Large U.S. banks are poised to report weak first-quarter results, as trading revenue and mortgage lending slumped and other businesses couldn’t make up the shortfall.
Analysts in February began slashing profit and revenue estimates amid mounting evidence that bank traders found fewer opportunities to make money in debt and currency markets and bond underwriting slumped. Quarterly reports kick off April 11 when J.P. Morgan Chase & Co. and Wells Fargo & Co. announce results.
Among the six largest U.S. banks and securities firms, J.P. Morgan, Citigroup Inc., Goldman Sachs Group Inc. and Bank of America Corp are expected to post a smaller profit than in the same quarter a year earlier. Analysts predict Morgan Stanley’s earnings will be little changed. The five companies all have seen their estimates fall in the past six weeks.
The downcast mood contrasts with last year, when first-quarter profit estimates for all six banks rose between Jan. 1 and the date the companies reported results.
That optimism helped fuel a surge in bank stocks as hopes grew of a sustained banking-sector recovery from the ravages of the financial crisis. But the worsening outlook this year suggests the momentum is fading.
“The easy money has been made on U.S. banks,” said William Fitzpatrick, who follows financial stocks for Manulife Asset Management, which oversees $280 billion.
Only Wells Fargo has seen analysts raise their earnings forecasts this year. It is expected to post a profit slightly greater than the same quarter a year ago, thanks in part to cost cuts and its relatively small trading business, analysts said.
For the other big banks, trading is a big trouble spot. Jason Goldberg, an analyst with Barclays PLC, estimates that fixed-income trading will be down 10% to 20% across Wall Street.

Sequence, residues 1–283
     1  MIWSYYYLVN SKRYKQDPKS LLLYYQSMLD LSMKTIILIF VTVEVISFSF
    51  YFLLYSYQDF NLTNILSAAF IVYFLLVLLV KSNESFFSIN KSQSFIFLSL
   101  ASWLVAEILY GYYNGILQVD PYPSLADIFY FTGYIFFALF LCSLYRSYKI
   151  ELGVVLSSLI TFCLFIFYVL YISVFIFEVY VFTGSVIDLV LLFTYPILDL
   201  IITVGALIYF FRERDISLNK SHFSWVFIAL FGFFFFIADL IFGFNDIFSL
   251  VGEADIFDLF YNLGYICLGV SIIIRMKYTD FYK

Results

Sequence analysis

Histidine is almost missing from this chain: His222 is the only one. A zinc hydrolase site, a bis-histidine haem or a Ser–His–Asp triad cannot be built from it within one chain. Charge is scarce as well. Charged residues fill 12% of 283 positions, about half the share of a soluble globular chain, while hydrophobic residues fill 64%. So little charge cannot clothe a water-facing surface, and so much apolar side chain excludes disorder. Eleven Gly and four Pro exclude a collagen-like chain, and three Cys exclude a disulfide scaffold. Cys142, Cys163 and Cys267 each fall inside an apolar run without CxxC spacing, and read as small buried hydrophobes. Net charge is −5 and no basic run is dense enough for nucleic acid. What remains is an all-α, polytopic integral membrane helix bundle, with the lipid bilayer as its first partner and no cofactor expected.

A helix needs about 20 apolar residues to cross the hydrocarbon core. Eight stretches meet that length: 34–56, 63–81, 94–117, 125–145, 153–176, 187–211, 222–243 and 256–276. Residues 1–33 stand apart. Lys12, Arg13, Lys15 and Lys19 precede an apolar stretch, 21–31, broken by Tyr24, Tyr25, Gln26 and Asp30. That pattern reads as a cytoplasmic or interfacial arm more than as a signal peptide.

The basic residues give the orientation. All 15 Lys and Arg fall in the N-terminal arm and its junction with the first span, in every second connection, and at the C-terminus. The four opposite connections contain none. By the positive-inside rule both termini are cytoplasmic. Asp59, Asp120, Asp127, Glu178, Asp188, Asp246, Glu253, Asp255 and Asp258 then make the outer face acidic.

At an investor conference in February, J.P. Morgan executives cautioned that trading revenue was on pace to drop about 15% from a year earlier.
Fretting over turmoil in emerging markets, many investors have pulled back from taking risks, analysts said. Volumes were down in some markets tied to bonds and interest-rate swaps, they said. And currencies turned less volatile, so bank traders found fewer opportunities to profit from movements.
Big banks during the quarter also were adapting to new rules governing derivatives known as swaps, which hurt trading volumes, Nomura Holdings Inc. analyst Steven Chubak wrote Wednesday in a note to clients.
“All things being equal, we’re not putting together a great quarter,” for fixed-income trading, said UBS AG analyst Brennan Hawken.
Analysts’ profit estimates for Goldman, which relies more heavily than its rivals on trading in debt, currency and commodities markets, have slipped 8.7% since Jan. 1.
The New York firm is expected to post a profit of $3.56 a share, down from $4.29 in the year-earlier period. First-quarter revenue forecasts have dropped 4%, on average, since the beginning of the year. Goldman’s shares have slipped about 6% in 2014.